The theatre goes dark. A single bell tone rings, echoing across the open expanse. A single light shines along the back wall and in front of that light steps an elongated shadow. The tall figure moves to the center of the opening and makes its way down the center of the oval stage as the lights slowly comes up. A crocheted collar over a gray sweater over a black/gray print skirt with laser-cut lace along the hem.
And ten-inch platform boots.
This is a Marc Jacobs we’ve not seen since he left Louis Vuitton in 2013: Dark, brooding, extremely Gothic, and extremely over-sized. Everything in this collection is elongated as every last one of the models wore those huge platform boots which visually altered the proportions of the entire look. Hair was plastered to the skull. Foundations were light. Eyes were smoky and smudged with mime-like accents. Baby doll lips were a deep red, the color of blood after it’s been coagulating for a few minutes.
We’ve missed this Marc Jacobs. Well, some of us have. He has stepped well away from any mainstream aesthetic and instead created looks that make us rethink shape and size. So, we get bows larger than the ones Peter Copping used at Oscar de la Renta and ribbons that were over six feet long. Sweatshirts that look big enough to keep a family of four warm, leather coats that could cover a Volkswagon Beetle, a fur-trimmed biker jacket that might have just ridden up through the gates of Hades, and a checkerboard cape that looked like something director Tim Burton might conjure for the Queen of Hearts.
And then, there was Gaga. The rumors were true, Lady Gaga, the singer known for her own outlandish costumes, walked in a two-toned gray checked overcoat with green fur on the sleeves over a yellow blouse tied at the neck with a very large bow and silver platform boots. The look was natural enough for what we expect from Gaga, but so strong was the theme that every model looked like a Gaga, causing more than a few people to whisper, “Is that her?” throughout the show.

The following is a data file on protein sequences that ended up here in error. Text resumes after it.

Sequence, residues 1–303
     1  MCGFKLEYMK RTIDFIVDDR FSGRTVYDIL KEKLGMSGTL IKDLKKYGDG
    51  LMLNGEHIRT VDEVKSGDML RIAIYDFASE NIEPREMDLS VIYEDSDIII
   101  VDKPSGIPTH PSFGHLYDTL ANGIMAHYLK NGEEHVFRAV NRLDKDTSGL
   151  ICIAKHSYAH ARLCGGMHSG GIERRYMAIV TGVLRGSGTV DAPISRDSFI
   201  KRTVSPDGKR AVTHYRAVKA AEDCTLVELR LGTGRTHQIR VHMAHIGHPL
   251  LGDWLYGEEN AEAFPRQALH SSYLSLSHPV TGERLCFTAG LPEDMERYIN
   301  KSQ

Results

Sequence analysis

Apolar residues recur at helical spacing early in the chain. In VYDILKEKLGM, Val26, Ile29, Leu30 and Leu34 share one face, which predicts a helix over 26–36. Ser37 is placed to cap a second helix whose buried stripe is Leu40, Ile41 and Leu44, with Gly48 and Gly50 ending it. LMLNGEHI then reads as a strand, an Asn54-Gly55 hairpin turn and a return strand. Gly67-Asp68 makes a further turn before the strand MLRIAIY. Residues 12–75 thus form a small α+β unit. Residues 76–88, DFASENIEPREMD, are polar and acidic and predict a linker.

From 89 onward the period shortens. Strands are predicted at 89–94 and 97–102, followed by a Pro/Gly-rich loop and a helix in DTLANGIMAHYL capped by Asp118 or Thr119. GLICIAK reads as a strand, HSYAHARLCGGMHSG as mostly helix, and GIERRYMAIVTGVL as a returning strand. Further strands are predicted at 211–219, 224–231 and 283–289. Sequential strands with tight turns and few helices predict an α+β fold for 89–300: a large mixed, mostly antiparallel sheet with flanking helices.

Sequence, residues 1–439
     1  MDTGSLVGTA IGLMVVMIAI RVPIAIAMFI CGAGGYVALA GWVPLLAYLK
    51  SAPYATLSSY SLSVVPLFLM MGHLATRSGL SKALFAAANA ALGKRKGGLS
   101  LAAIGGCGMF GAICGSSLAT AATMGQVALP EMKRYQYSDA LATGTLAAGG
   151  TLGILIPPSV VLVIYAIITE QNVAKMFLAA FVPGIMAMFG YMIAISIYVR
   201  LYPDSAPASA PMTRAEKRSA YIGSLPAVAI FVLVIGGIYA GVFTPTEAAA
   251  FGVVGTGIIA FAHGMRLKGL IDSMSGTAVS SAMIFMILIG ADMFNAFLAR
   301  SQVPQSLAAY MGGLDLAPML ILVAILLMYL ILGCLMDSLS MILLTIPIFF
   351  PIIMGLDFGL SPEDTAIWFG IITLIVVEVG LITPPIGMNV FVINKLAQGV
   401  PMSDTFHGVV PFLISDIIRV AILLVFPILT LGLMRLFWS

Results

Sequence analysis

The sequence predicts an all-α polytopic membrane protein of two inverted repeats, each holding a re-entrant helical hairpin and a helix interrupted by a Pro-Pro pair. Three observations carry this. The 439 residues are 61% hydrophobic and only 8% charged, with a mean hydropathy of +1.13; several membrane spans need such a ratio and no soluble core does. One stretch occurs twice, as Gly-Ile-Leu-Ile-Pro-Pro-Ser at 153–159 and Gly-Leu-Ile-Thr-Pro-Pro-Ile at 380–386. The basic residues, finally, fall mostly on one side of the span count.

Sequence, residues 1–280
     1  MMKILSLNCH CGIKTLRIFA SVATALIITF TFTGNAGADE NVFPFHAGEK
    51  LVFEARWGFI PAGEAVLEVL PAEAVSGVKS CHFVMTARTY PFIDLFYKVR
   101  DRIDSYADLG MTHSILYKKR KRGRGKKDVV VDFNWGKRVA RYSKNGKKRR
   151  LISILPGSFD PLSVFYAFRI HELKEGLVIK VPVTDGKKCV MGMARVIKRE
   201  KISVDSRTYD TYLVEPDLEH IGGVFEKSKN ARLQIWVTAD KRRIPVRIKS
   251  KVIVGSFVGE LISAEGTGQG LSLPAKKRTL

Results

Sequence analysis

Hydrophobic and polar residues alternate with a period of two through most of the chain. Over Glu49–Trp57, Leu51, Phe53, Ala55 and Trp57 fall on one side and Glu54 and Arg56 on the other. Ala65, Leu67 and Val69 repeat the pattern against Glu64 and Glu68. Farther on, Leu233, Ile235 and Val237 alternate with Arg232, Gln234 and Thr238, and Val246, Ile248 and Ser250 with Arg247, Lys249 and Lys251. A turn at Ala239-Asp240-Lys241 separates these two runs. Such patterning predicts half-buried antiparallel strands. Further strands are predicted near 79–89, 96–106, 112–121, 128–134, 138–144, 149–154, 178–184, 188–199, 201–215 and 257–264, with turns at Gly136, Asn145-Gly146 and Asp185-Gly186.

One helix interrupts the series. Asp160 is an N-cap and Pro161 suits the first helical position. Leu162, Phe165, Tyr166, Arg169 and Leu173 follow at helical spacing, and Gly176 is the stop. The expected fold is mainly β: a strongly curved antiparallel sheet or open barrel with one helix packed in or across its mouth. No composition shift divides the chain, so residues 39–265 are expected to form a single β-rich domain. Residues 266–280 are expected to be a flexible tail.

How will all this play out on store shelves? Expect looks to be pared down a little bit, but not too much. Those platform boots are going to be a hot item and one will need appropriate-sized clothes to match. Even without the extra height, though, or the hair and makeup, the looks are dramatic, fun, and even a bit authoritative at times. Yes, there are a couple of daring pieces in the mix, but to some degree the whole collection dares one to wear it. One has to ask whether they have the attitude to pull off many of these looks. Even something as simple as a sweatshirt from this collection makes a loud statement.
True Marc Jacobs fans are going to love this collection. Those who don’t, are either scratching their heads or cowering in a corner because one can’t deny that a seven-foot model in a huge cape is a bit frightening to see. Thank you, Marc, New York Fashion Week needed that.